Chuck Jaffee: A final look at films screening at Wild & Scenic, happening now
Special to Prospector
Editor’s Note: This is the fourth of a four-week series of Prospector and Spotlight reviews leading up to the 18th Wild & Scenic Film Festival in Nevada City and Grass Valley, Jan. 16-20.
Meet Hatidze Muratova. Know her and the old world she inhabits. In Northern Macedonia, maybe a dozen miles from hundreds of thousands of people in the capital city, her homestead feels remote and 150 years ago.
A radio (not a TV) hints that she is connected to the modern world. A recreational vehicle on the neighbor’s land drops another hint, although the suggestion it holds may be that Hatidze’s old ways are the sturdy, transcendent ones.
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In the film “Honeyland,” Hatidze Muratova tends to her bees. In the beautiful tone of the opening scene, she walks a narrow path on a cliff above the countryside. Amidst the rocks, she tends to some of her bees. On her land, her hives don’t look like the boxes and racks on her neighbor’s property.
Hatidze tries to help the family next door. It’s questionable whether they have any sense of oneness with the land or the bees. They don’t seem to understand the importance of taking half of the honey for sale; leaving half for the bees. They are unruly. Hatidze is centered, devoted, giving.
Hatidze, a fiftyish, peasant woman, tends to her invalid mother, the loving fixture of her home. In her soul, Hatidze carries life’s lesson. A person is who a person is, and the vitality of her place is to carry on.
The documentary result is remarkable in its spare, respectful style and mundane tension. It’s remarkable not only in what you experience on-screen, but also in imagining the years of hours filmmakers must have spent bringing us Hatidze’s life.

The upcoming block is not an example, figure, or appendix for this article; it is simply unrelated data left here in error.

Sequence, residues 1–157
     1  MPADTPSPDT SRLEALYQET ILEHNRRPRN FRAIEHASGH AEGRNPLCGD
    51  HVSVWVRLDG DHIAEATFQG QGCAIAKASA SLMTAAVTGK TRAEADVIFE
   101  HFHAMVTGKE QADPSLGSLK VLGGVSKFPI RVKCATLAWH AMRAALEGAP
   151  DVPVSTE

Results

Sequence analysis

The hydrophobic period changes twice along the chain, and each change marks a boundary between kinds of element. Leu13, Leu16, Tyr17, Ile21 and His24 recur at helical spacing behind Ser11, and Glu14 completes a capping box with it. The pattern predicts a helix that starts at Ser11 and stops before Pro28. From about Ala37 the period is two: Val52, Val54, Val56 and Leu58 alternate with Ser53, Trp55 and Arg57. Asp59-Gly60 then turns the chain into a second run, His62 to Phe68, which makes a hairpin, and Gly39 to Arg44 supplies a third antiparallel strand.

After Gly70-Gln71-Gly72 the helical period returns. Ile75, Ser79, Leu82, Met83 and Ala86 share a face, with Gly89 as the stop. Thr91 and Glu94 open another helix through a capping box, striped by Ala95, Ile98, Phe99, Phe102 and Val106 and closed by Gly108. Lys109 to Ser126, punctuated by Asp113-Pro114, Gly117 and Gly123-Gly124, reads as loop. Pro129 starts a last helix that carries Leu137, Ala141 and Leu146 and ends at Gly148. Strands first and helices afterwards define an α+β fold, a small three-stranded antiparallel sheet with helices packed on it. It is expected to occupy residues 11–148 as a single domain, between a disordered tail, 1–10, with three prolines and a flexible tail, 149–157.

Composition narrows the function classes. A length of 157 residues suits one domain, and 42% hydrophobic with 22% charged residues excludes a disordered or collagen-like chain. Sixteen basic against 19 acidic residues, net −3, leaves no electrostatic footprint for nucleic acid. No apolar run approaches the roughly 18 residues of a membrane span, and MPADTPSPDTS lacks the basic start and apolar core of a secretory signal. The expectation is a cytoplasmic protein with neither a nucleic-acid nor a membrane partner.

The Sound of a Wild Snail Eating
“Time unused vanishes.” Although this rings profound, used time also seems to vanish. Anyway, this heady tidbit is spoken by a bedridden woman in “The Sound of a Wild Snail Eating.”
This film dials down, well, to a snail’s pace. It challenges your potentially restless sitting posture to match the narrator’s inability to even sit up. For 15 minutes, it’s time to watch a snail.
The caregiver (not shown) at first leaves the snail to slime around wherever, but then puts it in a terrarium. The snail leverages changing light and smells in the air to inform its movement – courageous movement, so the narrator thinks.
Is your life ever so still that you can hear the sound of a snail eating? Well, the woman with all her imprisoned senses declares that she can. It’s not clear that the sound the audience hears is a live actual recording of this white-lipped forest snail’s hundreds of teeth. The woman, so aware of her companion, notices that the snail can lie dormant, shrunk into its shell, waiting for better conditions.
The film has its excitement. Eggs appear. They turn into 118 babies. Not much is made of this, and the caregiver (still not shown) lets them go.
At the end of this respectfully meditative motion picture, a familiar message appears, one common to concerned movie goers: “No animals were harmed in the making of this film.”
From Camel to Cup